mineral- naturally occurring inorganic solid substance with a definite soil substance with a definite chemical composition and structure
rock- a group of minerals bound together
color- first and most easily observed mineral property
luster- way the mineral shines in reflected light
streak- the color of a mineral when powdered or rubbed on a streak plate
hardness- the resistance of a mineral scratching
cleavage-the tendency of mineral to split easily along planes parallel to the crystal faces, leaving smooth, flat surfaces in one or more directions
crystal shape- the pattern mineral's ions or atoms form if there is enough time and room to grow
specific gravity- the ratio ...view middle of the document...
1. (b) Minerals in rocks are usually identified by their physical properties.
2. (a) Color is the least useful property for mineral identification. One reason is that many different minerals have similar colors. Also, traces of impurities can turn colorless minerals into colored minerals. A third reason is that some minerals change color when exposed to air.
(b) The luster of mineral is the way of the mineral shines in reflected light. Lusters are either metallic or nonmetallic. Examples of minerals with metallic luster are galena and pyrite. A mineral that doesn't shine like a metal has a nonmetallic luster. A vitreous luster, shinning glass, is seen in quartz.
(c) Crystal shape is not usually helpful in mineral identification because crystal faces are rare. More often mineral grains in rocks lacked room to grow. The mineral grains in most rocks are so small or so imperfect that crystal faces are hard to find.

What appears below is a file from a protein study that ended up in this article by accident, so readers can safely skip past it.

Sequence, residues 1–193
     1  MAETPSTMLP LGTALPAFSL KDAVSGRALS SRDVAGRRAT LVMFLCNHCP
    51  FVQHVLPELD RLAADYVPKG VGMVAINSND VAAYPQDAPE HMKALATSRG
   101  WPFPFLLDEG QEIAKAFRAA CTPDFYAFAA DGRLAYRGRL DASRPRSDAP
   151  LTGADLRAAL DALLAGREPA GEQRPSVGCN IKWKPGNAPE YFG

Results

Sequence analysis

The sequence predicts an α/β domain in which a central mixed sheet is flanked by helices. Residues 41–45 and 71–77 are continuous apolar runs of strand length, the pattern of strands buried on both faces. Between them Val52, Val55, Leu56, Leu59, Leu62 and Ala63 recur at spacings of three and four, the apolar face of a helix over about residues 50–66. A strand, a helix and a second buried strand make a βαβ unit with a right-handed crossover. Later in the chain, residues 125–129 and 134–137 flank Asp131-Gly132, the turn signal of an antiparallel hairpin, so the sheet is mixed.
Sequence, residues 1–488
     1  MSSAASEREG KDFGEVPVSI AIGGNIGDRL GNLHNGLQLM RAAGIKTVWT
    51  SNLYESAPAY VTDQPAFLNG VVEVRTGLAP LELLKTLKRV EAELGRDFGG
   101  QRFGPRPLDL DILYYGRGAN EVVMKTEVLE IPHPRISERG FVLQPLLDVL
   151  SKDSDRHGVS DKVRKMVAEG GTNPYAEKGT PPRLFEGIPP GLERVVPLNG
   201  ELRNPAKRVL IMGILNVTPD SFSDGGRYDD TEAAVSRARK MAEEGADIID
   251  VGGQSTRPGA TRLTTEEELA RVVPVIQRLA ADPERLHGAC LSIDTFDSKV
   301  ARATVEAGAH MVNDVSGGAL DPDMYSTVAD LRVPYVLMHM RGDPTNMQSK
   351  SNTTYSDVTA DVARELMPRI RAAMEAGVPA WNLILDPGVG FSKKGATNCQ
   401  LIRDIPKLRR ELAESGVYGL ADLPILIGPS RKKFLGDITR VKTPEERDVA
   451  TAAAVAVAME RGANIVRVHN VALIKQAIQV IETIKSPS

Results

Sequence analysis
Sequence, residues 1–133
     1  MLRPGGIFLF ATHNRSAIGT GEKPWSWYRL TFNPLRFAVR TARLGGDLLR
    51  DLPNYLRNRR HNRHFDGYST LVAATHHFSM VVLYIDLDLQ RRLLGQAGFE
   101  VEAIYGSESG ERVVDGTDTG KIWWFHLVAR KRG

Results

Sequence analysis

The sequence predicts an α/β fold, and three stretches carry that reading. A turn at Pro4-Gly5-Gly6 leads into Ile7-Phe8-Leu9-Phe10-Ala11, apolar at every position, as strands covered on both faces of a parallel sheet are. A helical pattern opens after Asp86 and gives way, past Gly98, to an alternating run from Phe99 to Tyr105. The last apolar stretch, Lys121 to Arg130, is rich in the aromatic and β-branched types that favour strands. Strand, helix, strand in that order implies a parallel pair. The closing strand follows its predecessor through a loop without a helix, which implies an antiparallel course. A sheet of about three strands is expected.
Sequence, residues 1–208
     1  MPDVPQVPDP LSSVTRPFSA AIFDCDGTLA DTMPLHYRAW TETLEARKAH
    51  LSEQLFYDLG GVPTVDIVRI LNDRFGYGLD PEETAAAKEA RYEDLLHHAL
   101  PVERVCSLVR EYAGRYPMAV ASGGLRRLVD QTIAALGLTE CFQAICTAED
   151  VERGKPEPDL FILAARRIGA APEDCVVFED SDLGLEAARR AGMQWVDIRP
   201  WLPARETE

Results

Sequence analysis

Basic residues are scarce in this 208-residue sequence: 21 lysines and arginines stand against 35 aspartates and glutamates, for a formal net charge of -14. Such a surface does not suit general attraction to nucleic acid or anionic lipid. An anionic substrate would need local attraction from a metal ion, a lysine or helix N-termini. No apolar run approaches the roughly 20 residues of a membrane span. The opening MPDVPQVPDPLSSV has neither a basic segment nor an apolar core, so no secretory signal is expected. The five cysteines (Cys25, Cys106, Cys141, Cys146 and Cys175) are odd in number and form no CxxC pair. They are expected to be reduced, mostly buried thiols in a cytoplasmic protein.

3. (a) The streak of a mineral is the color of its powder. The streak is obtained by rubbing the mineral on an unglazed white tile, called a streak plate. For many minerals, the streak is not the same color as the mineral. Although the color of a mineral may vary, its streak rarely does. As a rule, the streak of a metallic mineral is at least as dark as the hand specimen. The streak of a nonmetallic mineral is usually colorless or white.
(b) The cleavage of a mineral is its tendency to split easily or to seperate along flat surfaces. Cleavage surfaces can be obsereved even on tiny mineral grains. Mica splits very easily, and always in the same direction. Mica is said to have one perfect cleavage. Feldspar splits readily in two different directions, at or near right angles. Calcite and galena cleave in three directions.
(d) The hardness of mineral is its resistance to being scratched. It will scratch any other mineral againts which is rubbed. From Moh's scale you can find the approximate hardness of any common mineral. All you need is a copper penny, a knife blade or metal nail file, and a small glass plate. If a mineral is harder than number 5 but softer than number 6 in the hardness scale, it has a hardness about 5 1/2.
4. (a) Specific gravity is another property that is helpful in identifying a mineral.
Specific gravity= weight of sample in air/weight of equal volume of water
(b)Nearly all minerals are denser than water. Their specific gravities are greater than 1. Typical nonmetallic minerals have specific gravities of about to 5. Other metallic minerals are much denser. Gold has specific gravity as high as 19.3 when pure.
5. Calcite is the principle mineral in limestone and marble. Calcite is easily identified by simple chemical test. Calcite is calcium carbonate. If a drop of cold, weak hydrochloric acid is placed on calcite, the drop of acid fizzes. The bubbles are carbon dioxide gas. Other minerals also react to acid, but they are not reactive. They may require using stronger acid, heating the...